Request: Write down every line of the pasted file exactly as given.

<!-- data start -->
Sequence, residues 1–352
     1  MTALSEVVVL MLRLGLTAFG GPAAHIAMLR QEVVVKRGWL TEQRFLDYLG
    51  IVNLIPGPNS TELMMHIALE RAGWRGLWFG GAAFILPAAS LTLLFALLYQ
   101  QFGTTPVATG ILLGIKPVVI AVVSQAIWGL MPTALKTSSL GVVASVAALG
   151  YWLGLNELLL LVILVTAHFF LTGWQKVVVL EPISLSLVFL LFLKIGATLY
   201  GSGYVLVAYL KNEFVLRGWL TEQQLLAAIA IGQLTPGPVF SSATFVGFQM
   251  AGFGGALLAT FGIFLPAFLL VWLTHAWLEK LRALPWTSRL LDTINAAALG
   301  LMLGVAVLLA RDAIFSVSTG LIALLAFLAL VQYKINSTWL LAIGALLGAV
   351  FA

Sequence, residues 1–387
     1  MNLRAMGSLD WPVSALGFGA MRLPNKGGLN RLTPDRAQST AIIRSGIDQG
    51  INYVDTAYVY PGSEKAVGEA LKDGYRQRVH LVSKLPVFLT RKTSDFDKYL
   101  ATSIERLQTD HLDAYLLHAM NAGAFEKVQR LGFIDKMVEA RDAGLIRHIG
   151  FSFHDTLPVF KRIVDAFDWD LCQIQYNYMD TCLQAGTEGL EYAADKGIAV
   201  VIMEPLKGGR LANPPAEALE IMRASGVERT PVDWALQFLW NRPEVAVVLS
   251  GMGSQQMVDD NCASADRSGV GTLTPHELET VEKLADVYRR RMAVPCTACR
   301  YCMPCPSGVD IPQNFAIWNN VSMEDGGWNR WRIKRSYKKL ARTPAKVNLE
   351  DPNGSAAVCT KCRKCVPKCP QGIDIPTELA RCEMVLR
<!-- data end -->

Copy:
Sequence, residues 1–352
     1  MTALSEVVVL MLRLGLTAFG GPAAHIAMLR QEVVVKRGWL TEQRFLDYLG
    51  IVNLIPGPNS TELMMHIALE RAGWRGLWFG GAAFILPAAS LTLLFALLYQ
   101  QFGTTPVATG ILLGIKPVVI AVVSQAIWGL MPTALKTSSL GVVASVAALG
   151  YWLGLNELLL LVILVTAHFF LTGWQKVVVL EPISLSLVFL LFLKIGATLY
   201  GSGYVLVAYL KNEFVLRGWL TEQQLLAAIA IGQLTPGPVF SSATFVGFQM
   251  AGFGGALLAT FGIFLPAFLL VWLTHAWLEK LRALPWTSRL LDTINAAALG
   301  LMLGVAVLLA RDAIFSVSTG LIALLAFLAL VQYKINSTWL LAIGALLGAV
   351  FA

Sequence, residues 1–387
     1  MNLRAMGSLD WPVSALGFGA MRLPNKGGLN RLTPDRAQST AIIRSGIDQG
    51  INYVDTAYVY PGSEKAVGEA LKDGYRQRVH LVSKLPVFLT RKTSDFDKYL
   101  ATSIERLQTD HLDAYLLHAM NAGAFEKVQR LGFIDKMVEA RDAGLIRHIG
   151  FSFHDTLPVF KRIVDAFDWD LCQIQYNYMD TCLQAGTEGL EYAADKGIAV
   201  VIMEPLKGGR LANPPAEALE IMRASGVERT PVDWALQFLW NRPEVAVVLS
   251  GMGSQQMVDD NCASADRSGV GTLTPHELET VEKLADVYRR RMAVPCTACR
   301  YCMPCPSGVD IPQNFAIWNN VSMEDGGWNR WRIKRSYKKL ARTPAKVNLE
   351  DPNGSAAVCT KCRKCVPKCP QGIDIPTELA RCEMVLR